About Trudel’s Truth

About Trudel’s Truth

In 1933, my mother, Gertrude “Trudel” Adler, who grew up in Frankfurt, Germany, wrote in her diary, “There is no future for Jewish youth in Germany. I think I shall go to Palestine.”

Her family and friends in Frankfurt asked. “Why would you leave Germany?” What did she see that they didn’t?

She didn’t get papers to go to Palestine, so when family in Chicago sent her papers, the 21 year old young woman came here.

Seventy-seven years ago, on May 8, 1934 she boarded a ship in Hamburg. Instead of keeping a diary, she wrote frequent letters home describing her adventure. On May 9, 1934 she wrote her first letter home. In her third letter she wrote “Please save my letters and if possible get them to me some day since I am to busy to keep a diary.”

More than 50 years later she translated the letters into English.  I have begun posting  excerpts from her letters. Hopefully, each  post will be posted exactly 77 years to the day from the date on which it was written. The letters will be accompanied by snapshots and memorabilia she kept in an album I have recently recovered and supplemented by contemporary materials.

I found the following note with the handwritten translations of Trudel’s letters:

Following is a translation of my letters to my dad and two sisters, not a diary. I figured they had enough worries without my adding to it. Father had lost his seat on the stock exchange, which he had held for fifty-three years. Mother died only months before, I, the youngest of three sisters, left home–maybe forever.

In her memory, I started this blog on May 8, 2011, Mother’s Day in the United States. May this blog be a tribute to all those who bravely set forth for a new world as skies darkened across Europe.


Leonard Grossman
One of Trudel’s sons

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  • September 7, 1937 – The Last Letter.
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    5 Responses to About Trudel’s Truth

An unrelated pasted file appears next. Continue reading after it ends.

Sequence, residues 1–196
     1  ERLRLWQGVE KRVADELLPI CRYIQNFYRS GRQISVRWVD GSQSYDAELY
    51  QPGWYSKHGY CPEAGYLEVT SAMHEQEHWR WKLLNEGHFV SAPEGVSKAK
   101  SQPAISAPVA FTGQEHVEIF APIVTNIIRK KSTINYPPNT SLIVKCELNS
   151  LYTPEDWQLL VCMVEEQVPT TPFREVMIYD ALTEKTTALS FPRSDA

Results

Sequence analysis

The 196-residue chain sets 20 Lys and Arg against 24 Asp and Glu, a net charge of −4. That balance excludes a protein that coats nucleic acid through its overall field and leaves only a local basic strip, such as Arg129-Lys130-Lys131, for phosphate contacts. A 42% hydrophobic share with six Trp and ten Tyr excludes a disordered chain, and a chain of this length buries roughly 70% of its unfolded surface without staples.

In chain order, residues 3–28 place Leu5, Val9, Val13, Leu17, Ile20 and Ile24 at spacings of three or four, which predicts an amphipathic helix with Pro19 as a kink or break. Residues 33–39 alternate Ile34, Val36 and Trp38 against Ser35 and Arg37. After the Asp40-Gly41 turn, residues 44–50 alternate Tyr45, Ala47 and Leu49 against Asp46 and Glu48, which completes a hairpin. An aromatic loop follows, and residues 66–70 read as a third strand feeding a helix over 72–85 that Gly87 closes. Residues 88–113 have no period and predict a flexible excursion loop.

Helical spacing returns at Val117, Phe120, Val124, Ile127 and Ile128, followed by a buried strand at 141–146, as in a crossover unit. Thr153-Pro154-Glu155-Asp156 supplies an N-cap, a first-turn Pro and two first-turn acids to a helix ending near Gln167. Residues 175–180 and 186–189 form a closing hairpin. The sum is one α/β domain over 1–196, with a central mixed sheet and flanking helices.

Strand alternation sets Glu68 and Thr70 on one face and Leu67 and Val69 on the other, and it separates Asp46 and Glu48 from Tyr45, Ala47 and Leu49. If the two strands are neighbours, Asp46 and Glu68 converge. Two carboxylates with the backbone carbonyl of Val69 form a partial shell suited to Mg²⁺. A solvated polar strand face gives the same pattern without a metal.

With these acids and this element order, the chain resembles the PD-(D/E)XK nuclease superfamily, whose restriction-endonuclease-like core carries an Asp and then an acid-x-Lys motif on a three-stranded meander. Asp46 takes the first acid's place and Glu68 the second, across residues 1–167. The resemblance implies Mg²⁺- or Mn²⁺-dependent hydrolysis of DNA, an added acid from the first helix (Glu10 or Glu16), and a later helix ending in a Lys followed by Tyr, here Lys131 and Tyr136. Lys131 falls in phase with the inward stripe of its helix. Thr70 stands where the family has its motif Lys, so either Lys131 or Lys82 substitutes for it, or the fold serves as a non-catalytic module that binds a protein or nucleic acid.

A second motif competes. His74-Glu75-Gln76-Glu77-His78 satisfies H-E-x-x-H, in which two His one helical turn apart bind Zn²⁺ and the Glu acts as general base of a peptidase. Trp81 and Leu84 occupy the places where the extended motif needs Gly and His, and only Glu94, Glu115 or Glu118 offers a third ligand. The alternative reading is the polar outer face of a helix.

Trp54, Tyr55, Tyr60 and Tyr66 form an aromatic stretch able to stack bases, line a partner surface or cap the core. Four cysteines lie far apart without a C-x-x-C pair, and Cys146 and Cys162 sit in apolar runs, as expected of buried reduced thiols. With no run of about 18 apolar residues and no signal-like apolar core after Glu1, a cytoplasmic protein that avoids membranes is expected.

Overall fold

1. Linda Gartz

      November 11, 2011 at 12:41 pm

      Congratulations on your blog! It’s so meaningful to have our parents’ (and in my case, grandparents’) experiences in their own words – and hand. Thanks for sharing. History is made by those who write. Your mother was certainly prescient. You’re right. What did she see/sense that others missed. I’d have to re-read my 1934 history to see just how the Nazis where already making life very uncomfortable for Jews,

    2. Leonard Grossman

      November 17, 2011 at 12:43 pm

      Thank you, Linda, for your response. I thought I knew a bit of that history, but in the process of posting these letters I have been learning more and have a stack of books I have to read. But it is hard to keep up with my mother and get these letters posted on the anniversary dates as I have planned.

      BTW Good news: I just found over two more years of her letters. And people wondered how I would keep busy in retirement.

    3. Tim Corpus

      September 8, 2014 at 5:07 pm

      Dear Mr. Grossman,

      I’m a composer from Chicago, IL and I am working on a commission for a chamber work performance in Union Station – Chicago, IL. I would like to use the text from one of your grandmother’s letters as text in my piece. Please contact me for more details on the event. The performance will be premiered during Open House Chicago on October 18th.

      Thank you,

      • Elizabeth Gross

        April 22, 2021 at 8:30 pm

        Hello–I’m not trying to post a comment but I have a question and don’t see another way to contact you. My father was a passenger on the SS Manhattan from Germany to NY — his trip may have been one month before your mother’s trip. If you would reply to my email address with yours, I would appreciate it. Thank you.


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